By Charles Aubrey Buser

When dealing with a history largely oral there comes the moment when one must choose between fancy and probability. In the case of Tarhe, if one is to accept the eyewitness accounts of his contemporaries as truth, there is little need for fiction.

During the period 1789-1818 many famous Indians lived in the Old Northwest Territory. Such men as Tecumseh, Little Turtle, Captain Pipe, Black Hoof, Buckongehelas, Walk-in-the-Water and Round Head helped to shape the history of the region. But none was more distinguished than Tarhe, Grand Sachem of the Wyandot Nation.

There are literally dozens of names for the tribe known generally as Wyandot (its very tribal identity is debated by student of Indian history); and the great chief himself is variously referred to as Tarhee, Tarkee, Takee, the Crane or – by the French – as Le Grue, Le Chef Grue, or Monsieur Grue.

Further complicating an already involved story, a well-known and no doubt well-meaning novelist contributed his own romanticized version of tribal history and his version became widely accepted. Zane Grey, in his book Betty Zane, told of a young boy who was captured and raised by Indians and subsequently married the chief’s daughter. Much of the story was true.

The boy Mr. Grey wrote about was Isaac Zane, a member of the famous Zane family of Wheeling that helped lay out the National road and for whom Zanesville, Ohio is named. Since Zane Grey himself was related to that family, it all bore the stamp of truth.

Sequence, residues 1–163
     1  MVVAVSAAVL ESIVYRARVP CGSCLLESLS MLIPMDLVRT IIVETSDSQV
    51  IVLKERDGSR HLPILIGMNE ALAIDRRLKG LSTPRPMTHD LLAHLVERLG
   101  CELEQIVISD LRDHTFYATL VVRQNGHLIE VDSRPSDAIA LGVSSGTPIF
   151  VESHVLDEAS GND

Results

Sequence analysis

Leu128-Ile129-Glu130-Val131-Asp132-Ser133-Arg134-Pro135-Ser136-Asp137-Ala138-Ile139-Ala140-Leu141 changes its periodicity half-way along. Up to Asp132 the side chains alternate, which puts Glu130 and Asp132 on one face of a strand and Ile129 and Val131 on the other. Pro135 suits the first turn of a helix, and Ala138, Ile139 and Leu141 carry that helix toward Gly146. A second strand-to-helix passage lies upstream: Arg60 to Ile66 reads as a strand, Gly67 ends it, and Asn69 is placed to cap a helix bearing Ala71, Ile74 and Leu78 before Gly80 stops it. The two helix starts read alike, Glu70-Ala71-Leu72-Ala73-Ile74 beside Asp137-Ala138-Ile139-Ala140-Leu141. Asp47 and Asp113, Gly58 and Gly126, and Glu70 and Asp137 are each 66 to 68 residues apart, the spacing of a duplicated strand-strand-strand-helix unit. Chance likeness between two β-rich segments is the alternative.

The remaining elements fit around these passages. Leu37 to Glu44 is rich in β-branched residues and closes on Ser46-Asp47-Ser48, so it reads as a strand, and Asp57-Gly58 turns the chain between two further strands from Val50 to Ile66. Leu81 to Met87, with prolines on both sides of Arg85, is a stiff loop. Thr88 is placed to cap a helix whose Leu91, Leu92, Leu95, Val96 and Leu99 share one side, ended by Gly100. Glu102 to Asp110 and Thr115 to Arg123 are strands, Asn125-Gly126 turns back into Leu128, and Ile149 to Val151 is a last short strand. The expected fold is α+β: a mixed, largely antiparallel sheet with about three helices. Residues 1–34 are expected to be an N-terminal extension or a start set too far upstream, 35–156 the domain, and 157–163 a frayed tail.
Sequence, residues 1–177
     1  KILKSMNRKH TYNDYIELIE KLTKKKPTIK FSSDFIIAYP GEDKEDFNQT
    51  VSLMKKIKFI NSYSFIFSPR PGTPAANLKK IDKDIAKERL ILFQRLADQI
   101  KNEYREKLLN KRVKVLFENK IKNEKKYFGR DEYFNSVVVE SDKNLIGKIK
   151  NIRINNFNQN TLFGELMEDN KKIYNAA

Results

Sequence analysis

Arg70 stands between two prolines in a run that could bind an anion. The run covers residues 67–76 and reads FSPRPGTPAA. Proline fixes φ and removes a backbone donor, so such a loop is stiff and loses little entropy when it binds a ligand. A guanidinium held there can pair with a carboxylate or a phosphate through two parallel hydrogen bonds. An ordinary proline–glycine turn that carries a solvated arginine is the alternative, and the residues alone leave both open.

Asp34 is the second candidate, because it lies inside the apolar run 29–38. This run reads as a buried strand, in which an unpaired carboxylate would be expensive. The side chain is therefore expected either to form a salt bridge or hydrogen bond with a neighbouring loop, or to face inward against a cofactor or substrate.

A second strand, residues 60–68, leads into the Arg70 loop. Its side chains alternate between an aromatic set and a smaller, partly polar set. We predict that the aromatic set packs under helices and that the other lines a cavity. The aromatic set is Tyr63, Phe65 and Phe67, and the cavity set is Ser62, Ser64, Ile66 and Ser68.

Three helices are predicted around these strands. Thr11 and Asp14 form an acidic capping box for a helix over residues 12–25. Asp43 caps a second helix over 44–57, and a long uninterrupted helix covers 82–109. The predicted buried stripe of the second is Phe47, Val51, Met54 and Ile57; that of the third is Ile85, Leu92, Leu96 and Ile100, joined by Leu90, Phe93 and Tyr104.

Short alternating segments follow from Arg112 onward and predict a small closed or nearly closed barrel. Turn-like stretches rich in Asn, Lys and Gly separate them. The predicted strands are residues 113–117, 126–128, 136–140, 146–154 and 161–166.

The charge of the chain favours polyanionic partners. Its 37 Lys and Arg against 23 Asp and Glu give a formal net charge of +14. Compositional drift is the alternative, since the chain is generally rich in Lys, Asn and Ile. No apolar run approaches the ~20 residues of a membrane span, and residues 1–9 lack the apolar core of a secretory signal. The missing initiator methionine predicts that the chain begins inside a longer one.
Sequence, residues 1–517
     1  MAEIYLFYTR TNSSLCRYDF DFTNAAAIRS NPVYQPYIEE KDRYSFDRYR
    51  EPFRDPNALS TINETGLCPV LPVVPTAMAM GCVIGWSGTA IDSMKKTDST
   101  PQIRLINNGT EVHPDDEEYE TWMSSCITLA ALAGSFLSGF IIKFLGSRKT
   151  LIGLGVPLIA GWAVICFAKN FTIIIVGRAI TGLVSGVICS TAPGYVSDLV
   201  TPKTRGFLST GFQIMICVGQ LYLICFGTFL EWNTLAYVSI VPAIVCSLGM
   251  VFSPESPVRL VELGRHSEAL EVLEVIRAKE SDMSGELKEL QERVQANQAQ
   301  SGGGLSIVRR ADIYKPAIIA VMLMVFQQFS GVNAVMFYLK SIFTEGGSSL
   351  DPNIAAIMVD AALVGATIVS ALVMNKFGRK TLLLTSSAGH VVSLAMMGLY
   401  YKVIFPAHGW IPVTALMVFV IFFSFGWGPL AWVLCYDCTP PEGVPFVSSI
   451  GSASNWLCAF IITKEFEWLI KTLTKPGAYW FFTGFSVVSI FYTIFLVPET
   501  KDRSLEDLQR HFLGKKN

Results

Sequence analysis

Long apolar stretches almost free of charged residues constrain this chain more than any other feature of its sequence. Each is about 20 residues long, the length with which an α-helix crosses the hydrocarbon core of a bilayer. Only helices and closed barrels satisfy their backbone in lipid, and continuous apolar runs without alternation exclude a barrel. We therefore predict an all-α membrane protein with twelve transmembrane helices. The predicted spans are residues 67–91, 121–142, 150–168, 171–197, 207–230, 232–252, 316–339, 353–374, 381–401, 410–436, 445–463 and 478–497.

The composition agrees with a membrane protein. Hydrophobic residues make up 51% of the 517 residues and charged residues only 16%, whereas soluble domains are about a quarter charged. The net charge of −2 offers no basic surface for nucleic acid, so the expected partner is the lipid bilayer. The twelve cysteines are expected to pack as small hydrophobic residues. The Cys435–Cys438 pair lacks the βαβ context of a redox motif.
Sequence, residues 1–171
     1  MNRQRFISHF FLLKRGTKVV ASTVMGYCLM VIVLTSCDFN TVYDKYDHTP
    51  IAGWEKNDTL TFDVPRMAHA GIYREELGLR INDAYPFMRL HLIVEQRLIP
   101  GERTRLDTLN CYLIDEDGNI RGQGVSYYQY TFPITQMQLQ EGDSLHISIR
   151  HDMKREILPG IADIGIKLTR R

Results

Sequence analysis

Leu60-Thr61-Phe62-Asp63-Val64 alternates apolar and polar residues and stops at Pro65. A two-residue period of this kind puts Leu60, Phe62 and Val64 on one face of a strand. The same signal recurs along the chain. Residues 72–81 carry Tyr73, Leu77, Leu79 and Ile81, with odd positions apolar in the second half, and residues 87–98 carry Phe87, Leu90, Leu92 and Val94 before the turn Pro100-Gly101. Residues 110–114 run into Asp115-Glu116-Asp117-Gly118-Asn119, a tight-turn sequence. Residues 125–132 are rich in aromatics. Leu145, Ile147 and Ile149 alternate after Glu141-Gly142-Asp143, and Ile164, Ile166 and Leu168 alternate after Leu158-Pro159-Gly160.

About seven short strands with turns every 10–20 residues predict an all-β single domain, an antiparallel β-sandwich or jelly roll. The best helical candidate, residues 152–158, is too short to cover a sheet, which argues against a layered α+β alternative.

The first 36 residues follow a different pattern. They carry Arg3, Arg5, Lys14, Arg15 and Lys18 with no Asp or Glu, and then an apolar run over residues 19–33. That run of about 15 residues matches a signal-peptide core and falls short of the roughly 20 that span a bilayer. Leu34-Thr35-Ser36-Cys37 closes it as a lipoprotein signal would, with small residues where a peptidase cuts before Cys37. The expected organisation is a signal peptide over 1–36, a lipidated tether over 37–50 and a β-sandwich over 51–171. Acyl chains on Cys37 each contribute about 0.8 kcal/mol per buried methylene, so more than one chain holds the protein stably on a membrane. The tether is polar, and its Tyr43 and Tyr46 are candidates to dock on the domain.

Later generations of Wyandots came to accept the story in its entirety. After all, everyone would love to have an Indian Princess as an ancestor, and who could ask for a better princess than Myeerah, daughter of the famous Tarhe, Grand Sachem of the Wyandots?

Grey wrote that Tarhe was born in the beautiful Muskoka Lake region of Ontario, married a beautiful French captive, fathered a beautiful daughter and named her Myeerah, the name carried by his own mother and grand-mother.

Actually Tarhe was born very near Detroit, the son of a woman of the Porcupine Clan. The name Myeerah, belonged to one of the Turtle clans. His grandmother may have been named Myeerah. It is certain that his mother was not. (It does appear to be true that the young girl, Myeerah, was beautiful)

Tarhe’s own name is intriguing. The English meaning is unknown. The name is not believed to be a clan property name and it apparently died with the man. It may have been given to him because of some particular deed or attribute of the man or boy. Old-time Wyandots said the name meant “at him” or “at the tree”, or was perhaps the personification of “the tree”. Tarhe’s great height lends credence to the latter theory. He was six feet four inches tall in an era when few men reached six feet.

The name is now pronounced Tar-hee, but the earlier writers indicated that the accent was on the second syllable. (Pronounced more correctly, Tar-Hay)